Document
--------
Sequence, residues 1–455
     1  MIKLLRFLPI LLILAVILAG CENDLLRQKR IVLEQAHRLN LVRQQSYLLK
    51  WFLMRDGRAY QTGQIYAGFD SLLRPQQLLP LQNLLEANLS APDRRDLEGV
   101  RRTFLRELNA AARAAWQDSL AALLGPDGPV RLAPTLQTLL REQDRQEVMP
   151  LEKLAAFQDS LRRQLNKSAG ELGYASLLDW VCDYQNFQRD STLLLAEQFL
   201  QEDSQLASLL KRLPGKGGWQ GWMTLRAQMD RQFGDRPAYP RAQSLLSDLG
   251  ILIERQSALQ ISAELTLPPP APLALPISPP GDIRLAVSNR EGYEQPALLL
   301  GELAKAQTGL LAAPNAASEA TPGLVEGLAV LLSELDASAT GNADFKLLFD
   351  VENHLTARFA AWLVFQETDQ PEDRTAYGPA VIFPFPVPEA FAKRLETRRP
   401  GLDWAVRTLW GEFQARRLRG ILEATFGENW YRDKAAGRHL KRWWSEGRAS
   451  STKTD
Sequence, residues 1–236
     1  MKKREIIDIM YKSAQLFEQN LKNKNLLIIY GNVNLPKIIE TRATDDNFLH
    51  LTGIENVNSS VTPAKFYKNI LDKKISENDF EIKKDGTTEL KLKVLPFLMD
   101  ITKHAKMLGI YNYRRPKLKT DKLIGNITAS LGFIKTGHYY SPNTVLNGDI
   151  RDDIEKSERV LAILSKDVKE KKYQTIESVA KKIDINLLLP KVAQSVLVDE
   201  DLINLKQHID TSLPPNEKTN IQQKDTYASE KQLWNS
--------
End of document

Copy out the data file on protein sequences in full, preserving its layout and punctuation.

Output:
Sequence, residues 1–455
     1  MIKLLRFLPI LLILAVILAG CENDLLRQKR IVLEQAHRLN LVRQQSYLLK
    51  WFLMRDGRAY QTGQIYAGFD SLLRPQQLLP LQNLLEANLS APDRRDLEGV
   101  RRTFLRELNA AARAAWQDSL AALLGPDGPV RLAPTLQTLL REQDRQEVMP
   151  LEKLAAFQDS LRRQLNKSAG ELGYASLLDW VCDYQNFQRD STLLLAEQFL
   201  QEDSQLASLL KRLPGKGGWQ GWMTLRAQMD RQFGDRPAYP RAQSLLSDLG
   251  ILIERQSALQ ISAELTLPPP APLALPISPP GDIRLAVSNR EGYEQPALLL
   301  GELAKAQTGL LAAPNAASEA TPGLVEGLAV LLSELDASAT GNADFKLLFD
   351  VENHLTARFA AWLVFQETDQ PEDRTAYGPA VIFPFPVPEA FAKRLETRRP
   401  GLDWAVRTLW GEFQARRLRG ILEATFGENW YRDKAAGRHL KRWWSEGRAS
   451  STKTD
Sequence, residues 1–236
     1  MKKREIIDIM YKSAQLFEQN LKNKNLLIIY GNVNLPKIIE TRATDDNFLH
    51  LTGIENVNSS VTPAKFYKNI LDKKISENDF EIKKDGTTEL KLKVLPFLMD
   101  ITKHAKMLGI YNYRRPKLKT DKLIGNITAS LGFIKTGHYY SPNTVLNGDI
   151  RDDIEKSERV LAILSKDVKE KKYQTIESVA KKIDINLLLP KVAQSVLVDE
   201  DLINLKQHID TSLPPNEKTN IQQKDTYASE KQLWNS